Supporters confident I-940 police 'de-escalation' measure will make it on ballot next year

SEATTLE -- For the first time, the group De-Escalate Washington can say they are confident Initiative 940 will get on the ballot next year.

But just to make sure, the group will continue their campaign until they get 350,000 signatures.

Supporters say I-940 would require police officers to get 40 hours of training to learn how to de-escalate crisis situations.

Certain police departments, like Seattle's, already require officers to get that amount of training. But the group says they want it statewide.

“We want to prevent shootings so we want to implement more de-escalation training,” De-escalate Washington campaign manager Riall Johnson said.

But the core of the initiative is about changing state law.

Right now, the courts have to prove malice to prosecute police officers who are involved in fatal shootings.

“We are not trying to make a witch hunt after cops, or easier to prosecute, we are trying to make it (prosecution) possible,” Johnson said.

“This is not against anyone, this is not against law enforcement,” Andre Taylor said.

Taylor has been clamoring for change ever since his brother Che Taylor was killed by two Seattle police officers. An inquest determined the officers’ deadly force was justified. But Taylor still disagrees and I-940 is one way he’s continuing the conversation.

“I think he would be pleased, not just for himself but for Charleena (Lyles) and Tommy Le -- the list goes on,” Taylor said, referring to people fatally shot by law enforcement officers in the area.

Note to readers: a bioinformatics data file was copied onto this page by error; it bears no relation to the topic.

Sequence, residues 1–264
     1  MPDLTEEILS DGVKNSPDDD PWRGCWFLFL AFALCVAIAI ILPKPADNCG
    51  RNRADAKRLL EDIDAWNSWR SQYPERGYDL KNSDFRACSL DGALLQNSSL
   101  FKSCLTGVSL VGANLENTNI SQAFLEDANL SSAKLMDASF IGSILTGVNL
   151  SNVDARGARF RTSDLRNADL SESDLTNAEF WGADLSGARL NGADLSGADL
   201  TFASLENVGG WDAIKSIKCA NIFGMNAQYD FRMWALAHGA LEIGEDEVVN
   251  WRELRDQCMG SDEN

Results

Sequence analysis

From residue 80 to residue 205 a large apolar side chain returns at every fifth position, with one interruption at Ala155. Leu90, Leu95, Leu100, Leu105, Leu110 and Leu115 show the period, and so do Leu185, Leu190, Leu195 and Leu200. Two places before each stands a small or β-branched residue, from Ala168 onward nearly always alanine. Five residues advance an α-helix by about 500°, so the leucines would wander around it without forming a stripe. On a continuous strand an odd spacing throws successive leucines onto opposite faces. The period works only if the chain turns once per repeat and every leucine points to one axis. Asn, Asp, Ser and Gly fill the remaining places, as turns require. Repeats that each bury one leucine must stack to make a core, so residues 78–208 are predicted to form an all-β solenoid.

Supporters are hoping the signatures will pressure the Legislature to change the law before I-940 makes it on the ballot for November 2018. A bill last year in the Legislature tried to address the issue but it didn’t get far.

State Rep. Morgan Irwin, R-Enumclaw, says he is very concerned with the language of I-940.

Irwin is a Seattle police officer but made it clear he is not speaking on behalf of the department but only as a lawmaker.

“It’s not about police training, it’s about making it easier to put cops in jail and that is it,” Irwin said.

He says even with the malice protection in place, police officers across the state are afraid to do their jobs.

“You are talking about an incredibly high-stress, high-tension, high-stakes situation, officers are already questioning themselves on how they do their jobs and they are talking about removing the only protection we have,” Irwin said.

“We want less people to be shot, we want less officers to go through that situation thinking they had to shoot and be traumatized with the rest of their lives,” Johnson said.

Johnson says Washington is the only state in the country that has a malice protection for police officers.

The group needs about 260,000 valid signatures to get the issue on the ballot. They plan to turn in about 35 boxes with signatures to the Secretary of State’s Office on December 28.